At the beginnng of September, BBC Wales History was lucky enough to be able to attend a tour around Hut 9 Island Farm, Prisoner of War Camp, Bridgend. This Welsh World War Two treasure was open for one weekend as part of the Open Doors architecture and heritage initiative.
Island Farm POW camp has a remarkable history as it was the scene of the largest escape attempt by German POWs in Britain during World War Two.
Hut 9, Island Farm, crowd gathered as part of Open Doors
Wendy Gardner, Senior Projects Officer Conservation & Design with Bridgend Borough Council to told us more about the camp.
“Hut 9 is the last remaining building from Prisoner of War Camp 198 as the remaining buildings were demolished in 1994 to make way for an extension to the existing science park, which never went ahead.
Exterior of Hut 9
“Hut 9 was saved only because it was listed in 1990, saved not for its architectural merit but for its historical significance, being the site of a daring escape by 70 prisoners of war in March 1945.
“The site was originally built to house mainly women munitions workers from the local armaments factory, the largest factory at the time in Britain employing 40,000 workers.
“The women however had other ideas, and despite the long and arduous journeys, preferred to be bussed in every day rather than leave their families. Immediately after the war the camp was used to house Hitler’s top generals and advisors in the months leading up to the Nuremburg war trials.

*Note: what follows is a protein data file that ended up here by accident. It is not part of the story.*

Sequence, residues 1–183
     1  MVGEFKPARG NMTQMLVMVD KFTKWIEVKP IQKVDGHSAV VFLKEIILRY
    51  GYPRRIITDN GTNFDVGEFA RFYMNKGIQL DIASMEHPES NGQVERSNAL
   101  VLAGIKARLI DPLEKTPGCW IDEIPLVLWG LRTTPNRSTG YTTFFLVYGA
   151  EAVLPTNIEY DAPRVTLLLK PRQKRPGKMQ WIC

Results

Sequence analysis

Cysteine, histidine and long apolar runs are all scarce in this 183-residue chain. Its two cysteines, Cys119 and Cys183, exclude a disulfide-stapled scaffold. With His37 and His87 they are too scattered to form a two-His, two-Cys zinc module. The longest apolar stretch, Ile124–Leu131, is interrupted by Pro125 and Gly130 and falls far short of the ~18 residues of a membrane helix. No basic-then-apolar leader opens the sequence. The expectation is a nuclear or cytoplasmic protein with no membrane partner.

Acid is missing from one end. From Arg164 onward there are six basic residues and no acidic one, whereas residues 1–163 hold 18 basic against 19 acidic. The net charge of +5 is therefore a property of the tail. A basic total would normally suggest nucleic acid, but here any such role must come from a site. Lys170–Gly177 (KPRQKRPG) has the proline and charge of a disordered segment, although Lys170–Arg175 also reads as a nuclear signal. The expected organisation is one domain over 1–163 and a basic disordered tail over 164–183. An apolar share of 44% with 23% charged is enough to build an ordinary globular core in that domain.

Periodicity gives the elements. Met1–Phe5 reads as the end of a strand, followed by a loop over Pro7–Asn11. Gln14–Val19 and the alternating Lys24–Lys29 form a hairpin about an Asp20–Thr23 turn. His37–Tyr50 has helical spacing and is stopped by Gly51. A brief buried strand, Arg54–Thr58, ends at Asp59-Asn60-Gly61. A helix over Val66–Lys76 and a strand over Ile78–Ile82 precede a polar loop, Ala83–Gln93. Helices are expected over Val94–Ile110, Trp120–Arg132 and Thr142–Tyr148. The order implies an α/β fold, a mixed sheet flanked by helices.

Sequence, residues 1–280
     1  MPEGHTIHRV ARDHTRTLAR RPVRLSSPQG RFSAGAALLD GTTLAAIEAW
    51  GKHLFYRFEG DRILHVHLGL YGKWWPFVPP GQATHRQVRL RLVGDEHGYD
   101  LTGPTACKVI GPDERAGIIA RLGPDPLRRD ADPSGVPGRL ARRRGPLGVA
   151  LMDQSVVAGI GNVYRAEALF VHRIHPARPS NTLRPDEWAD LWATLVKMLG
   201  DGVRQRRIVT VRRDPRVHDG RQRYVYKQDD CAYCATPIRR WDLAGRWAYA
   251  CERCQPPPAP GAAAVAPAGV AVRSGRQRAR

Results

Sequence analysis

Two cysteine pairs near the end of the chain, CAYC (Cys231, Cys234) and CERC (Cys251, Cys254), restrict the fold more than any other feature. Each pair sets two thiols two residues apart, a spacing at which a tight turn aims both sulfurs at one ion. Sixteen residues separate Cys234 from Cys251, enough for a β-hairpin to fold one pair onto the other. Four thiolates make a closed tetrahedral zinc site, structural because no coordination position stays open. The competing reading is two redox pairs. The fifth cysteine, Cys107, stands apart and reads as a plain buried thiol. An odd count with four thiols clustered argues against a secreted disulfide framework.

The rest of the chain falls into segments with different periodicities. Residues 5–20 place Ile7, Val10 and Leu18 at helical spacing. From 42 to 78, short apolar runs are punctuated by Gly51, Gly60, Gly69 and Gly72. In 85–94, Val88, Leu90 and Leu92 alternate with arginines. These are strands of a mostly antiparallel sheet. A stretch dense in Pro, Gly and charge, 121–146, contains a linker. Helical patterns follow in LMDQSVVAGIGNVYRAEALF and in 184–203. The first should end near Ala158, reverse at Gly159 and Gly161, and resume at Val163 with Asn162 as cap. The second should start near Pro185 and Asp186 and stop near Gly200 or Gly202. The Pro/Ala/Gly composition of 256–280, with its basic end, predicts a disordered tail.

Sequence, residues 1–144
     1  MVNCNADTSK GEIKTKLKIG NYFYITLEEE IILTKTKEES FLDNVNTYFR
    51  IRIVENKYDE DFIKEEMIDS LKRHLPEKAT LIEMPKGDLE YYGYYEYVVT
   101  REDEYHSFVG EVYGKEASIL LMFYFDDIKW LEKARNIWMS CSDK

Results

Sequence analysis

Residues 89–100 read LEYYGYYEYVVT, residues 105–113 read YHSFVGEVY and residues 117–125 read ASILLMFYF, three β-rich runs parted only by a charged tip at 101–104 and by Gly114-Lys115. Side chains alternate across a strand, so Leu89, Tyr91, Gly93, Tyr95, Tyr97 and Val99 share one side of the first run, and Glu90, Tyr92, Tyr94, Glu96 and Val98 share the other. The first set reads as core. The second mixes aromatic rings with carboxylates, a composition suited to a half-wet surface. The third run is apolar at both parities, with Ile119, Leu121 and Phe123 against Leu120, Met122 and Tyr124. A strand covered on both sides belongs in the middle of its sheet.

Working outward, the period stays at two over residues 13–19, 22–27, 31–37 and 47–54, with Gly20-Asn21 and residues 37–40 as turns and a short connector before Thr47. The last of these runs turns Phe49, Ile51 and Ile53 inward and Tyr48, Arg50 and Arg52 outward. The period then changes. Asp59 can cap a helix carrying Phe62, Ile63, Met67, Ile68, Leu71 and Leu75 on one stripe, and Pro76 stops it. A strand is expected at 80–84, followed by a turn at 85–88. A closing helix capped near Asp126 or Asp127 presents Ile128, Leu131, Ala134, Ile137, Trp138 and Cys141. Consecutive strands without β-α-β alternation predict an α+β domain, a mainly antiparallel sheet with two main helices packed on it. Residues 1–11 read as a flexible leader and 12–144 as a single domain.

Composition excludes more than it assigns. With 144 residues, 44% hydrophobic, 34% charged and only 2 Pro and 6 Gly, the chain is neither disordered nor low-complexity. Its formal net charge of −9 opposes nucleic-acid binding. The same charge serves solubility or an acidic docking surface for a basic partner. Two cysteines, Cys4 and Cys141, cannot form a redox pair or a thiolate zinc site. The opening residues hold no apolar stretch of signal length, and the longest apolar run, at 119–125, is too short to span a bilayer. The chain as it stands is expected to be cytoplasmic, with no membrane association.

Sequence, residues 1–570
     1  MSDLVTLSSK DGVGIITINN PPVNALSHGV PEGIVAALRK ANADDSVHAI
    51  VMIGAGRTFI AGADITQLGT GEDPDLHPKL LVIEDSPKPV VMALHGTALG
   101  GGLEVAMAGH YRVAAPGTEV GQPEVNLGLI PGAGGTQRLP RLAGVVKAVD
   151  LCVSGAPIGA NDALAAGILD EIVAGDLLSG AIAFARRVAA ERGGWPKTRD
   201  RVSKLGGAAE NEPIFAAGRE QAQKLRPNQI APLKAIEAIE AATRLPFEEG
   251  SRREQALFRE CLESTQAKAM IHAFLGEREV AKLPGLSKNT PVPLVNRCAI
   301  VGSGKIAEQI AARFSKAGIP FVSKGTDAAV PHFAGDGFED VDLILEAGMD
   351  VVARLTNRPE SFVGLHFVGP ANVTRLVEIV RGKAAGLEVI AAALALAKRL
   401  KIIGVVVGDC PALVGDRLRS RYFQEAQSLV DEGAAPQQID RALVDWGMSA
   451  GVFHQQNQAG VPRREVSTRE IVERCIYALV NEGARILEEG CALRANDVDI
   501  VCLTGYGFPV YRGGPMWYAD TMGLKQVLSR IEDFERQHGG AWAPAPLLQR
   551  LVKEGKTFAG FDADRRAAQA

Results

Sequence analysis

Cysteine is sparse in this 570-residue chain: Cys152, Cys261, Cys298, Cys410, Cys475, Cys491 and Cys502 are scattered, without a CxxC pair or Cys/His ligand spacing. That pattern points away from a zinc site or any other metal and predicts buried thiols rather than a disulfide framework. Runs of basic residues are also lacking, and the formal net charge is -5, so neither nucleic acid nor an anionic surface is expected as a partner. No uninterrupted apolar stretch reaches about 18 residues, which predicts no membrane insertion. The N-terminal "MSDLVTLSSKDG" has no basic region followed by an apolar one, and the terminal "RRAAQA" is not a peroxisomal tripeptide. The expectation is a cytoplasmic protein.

“The most recent inhabitants of the site however, were not invited, and are showing no signs of wanting to leave.
"In 2004 after a spate of vandalism that left the building with most of the window panes smashed it was decided to board the windows up. This made the building the perfect ‘des res’ for a roost of lesser horseshoe bats, who found the dark dry building ideal accommodation from spring to early autumn."
For one weekend at the start of this month, Hut 9 was open to visitors as part of the Open Doors initiative.
Open Doors at Hut 9
Over 650 people visited the building, some coming from as far as Surrey and Cardigan.
Visitors had the opportunity to to view over 20 wall paintings (some of which were rather saucy!), removed from the rest of the site prior to demolition, which have not seen by the public in nearly 20 years.
Erika. Drawn by a German POW
Volunteers from the 1940s Museum in Swansea and a local re-enactment group also helped to bring the building to life, as visitors were able to listen to local experts talk about the history of the POW site.
Maps were drawn on handkerchiefs
A peak at the infamous escape tunnel, which remains in tact to this day, was also part of the tour.
The famous tunnel
An app that allows people to explore a Welsh Prisoner of War (POW) hut has recently been released.
As well as telling the history of the Island Farm POW camp, the app for iPhone and iPad, includes interviews with those who remember the camp shortly after the war, and contains simulations of the escape tunnel and what it would have been like to be a prisoner of war.
Inside Hut 9
The app is free to download from iTunes.
Find out more about the Island Farm, Prisoner of War Camp. To find out about more places that you can visit through Open Doors take a look at the calendar of events.